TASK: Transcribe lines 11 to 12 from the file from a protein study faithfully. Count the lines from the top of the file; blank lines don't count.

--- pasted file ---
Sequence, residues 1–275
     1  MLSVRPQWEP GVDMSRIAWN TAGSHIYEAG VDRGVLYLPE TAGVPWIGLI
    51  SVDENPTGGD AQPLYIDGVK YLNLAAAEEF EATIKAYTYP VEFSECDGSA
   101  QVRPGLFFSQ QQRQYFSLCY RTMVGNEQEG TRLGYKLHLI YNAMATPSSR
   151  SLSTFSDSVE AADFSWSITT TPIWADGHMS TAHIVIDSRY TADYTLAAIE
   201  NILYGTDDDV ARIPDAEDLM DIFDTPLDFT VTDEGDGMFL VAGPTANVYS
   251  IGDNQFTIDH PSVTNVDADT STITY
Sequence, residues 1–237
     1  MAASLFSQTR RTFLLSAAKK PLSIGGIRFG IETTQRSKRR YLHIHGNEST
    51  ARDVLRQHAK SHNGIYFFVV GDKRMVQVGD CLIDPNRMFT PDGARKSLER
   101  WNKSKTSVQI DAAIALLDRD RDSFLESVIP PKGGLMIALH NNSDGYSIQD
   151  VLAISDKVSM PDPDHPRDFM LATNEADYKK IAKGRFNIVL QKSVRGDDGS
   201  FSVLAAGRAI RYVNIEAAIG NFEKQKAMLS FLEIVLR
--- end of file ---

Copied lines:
   101  WNKSKTSVQI DAAIALLDRD RDSFLESVIP PKGGLMIALH NNSDGYSIQD
   151  VLAISDKVSM PDPDHPRDFM LATNEADYKK IAKGRFNIVL QKSVRGDDGS